Separate school divisions in Saskatchewan are publicly funded school divisions whose mandate is to provide religious and general education to members of the Christian community of the province. Members of the faith concerned (either Protestant or Catholic) are constitutionally guaranteed a right to denominational schooling and are entitled to establish a separate school system centred on the teachings of their faith. In Saskatchewan, the separate school divisions are primarily Catholic, although Protestant separate school divisions do exist. There are currently fourteen Catholic separate school boards in the province. These school boards educate over 37,000 students from kindergarten to grade twelve. The distinctive mission of Catholic school boards and schools emanates a commitment to integrating the faith into all aspects of Catholic schooling.
The separate school concept was established in Ontario in the 1840s, when a compromise was reached that provided for the right to denominational schooling for the Ontario Catholic community. These rights were later to be enshrined in the British North America Act of 1867 (later called the Constitution Act); the guarantee of minority denominational schooling rights was one of the most contentious issues in Confederation.
Church-run schools in Saskatchewan were established shortly after the arrival of the first European settlers. In 1875, The Northwest Territories Act was passed, representing the first time that schools were established by law in the Territories. The Act provided for separate schools that were to be publicly funded through the property tax. Over the next few years, governors of the North-West Territories developed the policies that would lay the foundations for schools. The Ordinance Providing for the Organization of Schools in the North West Territories was passed in 1884; Section 29 of the Ordinance established that Protestant and Catholic public and separate schools were to be protected. The role of the separate schools became an issue in the negotiations with the federal government over provincial status; education, and particularly the status of denominational rights and schooling, was the main issue for discussion between the government of the North-West Territories and the federal government.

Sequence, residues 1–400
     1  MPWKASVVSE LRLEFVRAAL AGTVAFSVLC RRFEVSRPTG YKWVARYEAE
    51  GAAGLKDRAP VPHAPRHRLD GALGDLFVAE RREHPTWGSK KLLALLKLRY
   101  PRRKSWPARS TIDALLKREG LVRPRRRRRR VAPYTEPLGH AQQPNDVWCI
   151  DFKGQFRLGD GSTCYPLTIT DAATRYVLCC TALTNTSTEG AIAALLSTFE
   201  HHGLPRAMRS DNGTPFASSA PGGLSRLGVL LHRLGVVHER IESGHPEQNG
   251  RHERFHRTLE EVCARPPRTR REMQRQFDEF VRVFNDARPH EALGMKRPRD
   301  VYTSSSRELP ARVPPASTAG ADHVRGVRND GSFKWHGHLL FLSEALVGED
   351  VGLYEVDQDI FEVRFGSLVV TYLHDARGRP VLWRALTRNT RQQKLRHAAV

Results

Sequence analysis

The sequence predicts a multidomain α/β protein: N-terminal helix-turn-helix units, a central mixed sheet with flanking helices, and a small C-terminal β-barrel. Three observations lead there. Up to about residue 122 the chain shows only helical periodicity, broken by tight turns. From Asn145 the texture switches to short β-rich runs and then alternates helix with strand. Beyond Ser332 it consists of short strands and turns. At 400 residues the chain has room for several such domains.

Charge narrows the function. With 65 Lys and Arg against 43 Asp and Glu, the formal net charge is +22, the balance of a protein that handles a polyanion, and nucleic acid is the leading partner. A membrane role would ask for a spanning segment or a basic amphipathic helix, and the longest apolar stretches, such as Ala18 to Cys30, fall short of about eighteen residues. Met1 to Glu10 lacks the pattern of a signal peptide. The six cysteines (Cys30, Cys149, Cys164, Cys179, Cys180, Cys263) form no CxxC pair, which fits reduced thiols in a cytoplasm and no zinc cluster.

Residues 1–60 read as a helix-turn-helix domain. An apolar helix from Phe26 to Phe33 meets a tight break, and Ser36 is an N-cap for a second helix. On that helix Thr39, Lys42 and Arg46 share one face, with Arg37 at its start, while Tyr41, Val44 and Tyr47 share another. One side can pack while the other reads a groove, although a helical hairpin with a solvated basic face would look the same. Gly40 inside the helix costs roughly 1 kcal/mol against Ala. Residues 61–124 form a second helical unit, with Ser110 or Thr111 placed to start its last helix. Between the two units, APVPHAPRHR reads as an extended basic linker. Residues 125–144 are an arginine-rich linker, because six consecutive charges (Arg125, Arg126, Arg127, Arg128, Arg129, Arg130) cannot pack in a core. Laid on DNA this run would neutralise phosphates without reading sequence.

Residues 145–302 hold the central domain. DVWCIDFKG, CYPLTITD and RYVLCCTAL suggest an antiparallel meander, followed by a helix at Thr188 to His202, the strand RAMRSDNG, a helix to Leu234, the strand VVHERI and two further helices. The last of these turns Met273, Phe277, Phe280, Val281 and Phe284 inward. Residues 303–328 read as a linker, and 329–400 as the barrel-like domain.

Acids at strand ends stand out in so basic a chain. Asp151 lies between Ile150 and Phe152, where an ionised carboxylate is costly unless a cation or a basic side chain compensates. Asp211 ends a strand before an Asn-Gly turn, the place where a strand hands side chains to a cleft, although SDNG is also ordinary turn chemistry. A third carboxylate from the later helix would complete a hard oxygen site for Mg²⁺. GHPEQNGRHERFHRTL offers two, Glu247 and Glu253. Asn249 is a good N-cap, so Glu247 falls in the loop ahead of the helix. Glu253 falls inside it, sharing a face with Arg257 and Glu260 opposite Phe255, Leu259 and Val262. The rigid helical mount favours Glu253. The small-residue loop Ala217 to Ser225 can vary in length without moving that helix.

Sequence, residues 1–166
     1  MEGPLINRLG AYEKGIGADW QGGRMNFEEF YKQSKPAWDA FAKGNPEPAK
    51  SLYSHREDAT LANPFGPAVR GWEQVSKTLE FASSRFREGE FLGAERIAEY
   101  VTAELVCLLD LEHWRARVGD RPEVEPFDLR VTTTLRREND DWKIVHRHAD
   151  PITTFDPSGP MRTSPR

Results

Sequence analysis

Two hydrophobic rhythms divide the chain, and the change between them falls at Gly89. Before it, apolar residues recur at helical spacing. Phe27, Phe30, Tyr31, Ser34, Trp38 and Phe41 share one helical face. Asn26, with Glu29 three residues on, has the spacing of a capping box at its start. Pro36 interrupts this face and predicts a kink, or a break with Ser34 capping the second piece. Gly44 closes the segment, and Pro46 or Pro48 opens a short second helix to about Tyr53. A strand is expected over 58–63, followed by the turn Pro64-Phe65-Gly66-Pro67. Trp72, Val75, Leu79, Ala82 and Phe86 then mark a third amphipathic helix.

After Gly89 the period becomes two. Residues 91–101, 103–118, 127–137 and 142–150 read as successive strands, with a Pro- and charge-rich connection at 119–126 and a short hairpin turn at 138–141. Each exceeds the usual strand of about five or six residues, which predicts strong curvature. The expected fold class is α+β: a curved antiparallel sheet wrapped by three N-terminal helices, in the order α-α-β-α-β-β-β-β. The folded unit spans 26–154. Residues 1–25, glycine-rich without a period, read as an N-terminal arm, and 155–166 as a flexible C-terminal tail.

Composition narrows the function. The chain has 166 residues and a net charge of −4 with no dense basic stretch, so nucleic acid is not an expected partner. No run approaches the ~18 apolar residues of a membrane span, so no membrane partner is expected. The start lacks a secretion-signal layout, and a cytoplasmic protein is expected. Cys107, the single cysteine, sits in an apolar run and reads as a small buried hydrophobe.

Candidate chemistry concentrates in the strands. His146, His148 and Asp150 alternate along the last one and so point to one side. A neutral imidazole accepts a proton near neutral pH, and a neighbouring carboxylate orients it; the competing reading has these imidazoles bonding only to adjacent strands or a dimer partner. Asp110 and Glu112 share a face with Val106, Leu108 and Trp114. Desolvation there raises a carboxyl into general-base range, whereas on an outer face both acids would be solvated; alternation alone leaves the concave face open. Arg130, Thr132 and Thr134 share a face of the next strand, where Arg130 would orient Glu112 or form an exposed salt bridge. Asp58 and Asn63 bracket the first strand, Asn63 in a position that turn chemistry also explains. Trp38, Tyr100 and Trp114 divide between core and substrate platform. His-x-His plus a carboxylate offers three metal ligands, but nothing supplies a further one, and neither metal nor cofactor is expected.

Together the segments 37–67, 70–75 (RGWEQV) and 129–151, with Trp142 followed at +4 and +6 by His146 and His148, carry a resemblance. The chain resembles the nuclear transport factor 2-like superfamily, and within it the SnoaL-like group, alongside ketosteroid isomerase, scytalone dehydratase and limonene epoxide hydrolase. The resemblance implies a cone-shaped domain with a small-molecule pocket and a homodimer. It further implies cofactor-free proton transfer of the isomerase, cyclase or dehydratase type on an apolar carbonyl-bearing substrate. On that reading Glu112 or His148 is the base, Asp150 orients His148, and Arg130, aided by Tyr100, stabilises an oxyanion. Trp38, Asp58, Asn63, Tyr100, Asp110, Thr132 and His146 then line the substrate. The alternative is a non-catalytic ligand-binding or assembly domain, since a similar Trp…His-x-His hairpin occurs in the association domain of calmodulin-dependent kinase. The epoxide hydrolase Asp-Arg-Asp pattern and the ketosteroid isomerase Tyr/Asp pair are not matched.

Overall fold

The Saskatchewan Act was passed in 1905, allowing for schools to remain essentially as they were before the province entered Confederation. This Act reaffirmed the status of separate schools and the right to denominational schooling as set out in the Constitution Act of 1867; it provided that Catholic elementary schools (grades one to eight) were to be funded in the same manner as public schools. Subsequently, in 1907, the Secondary School Act was passed; this legislation outlined the processes for establishing high schools, but there were no provisions in the Act for the establishment of separate high schools.
The period from 1910 up until World War I saw the establishment of many Catholic separate school districts. Starting in 1918, however, there was considerable pressure applied to Premier Scott to eliminate separate schools in the province. Separate schools came under attack once again in the 1930s. The Conservatives, under Premier J.T.M. Anderson, enacted legislation that prohibited French as a language of instruction and prohibited the wearing of religious garments and the display of religious symbols in public schools (often referred to as the “garb and symbol” law). These pieces of legislation were thinly veiled attempts to control the expansion of Catholic education in Saskatchewan.
The period of 1950 to 1962 saw unprecedented growth of Catholic separate schools in Saskatchewan, with nine new Catholic separate school divisions being established. In 1951, the Catholic Section of the Saskatchewan School Trustees' Association was established. This group was charged with representing the interests of the Catholic school boards and schools in the province. Although there were six new Catholic separate school divisions established in the 1960s, three of them did not survive and were disestablished before the beginning of the 1970s. In 1964, the right to local taxation and government grants was extended to Catholic high schools, allowing many existing private denominational high schools to be absorbed into existing Catholic separate school divisions. No new separate school divisions were established in the 1970s or 1980s. In 1978 the Education Act was passed, affirming the provisions for denominational schooling and instituted procedures for the establishment of Protestant and Catholic separate school divisions and schools.
Paul M. Newton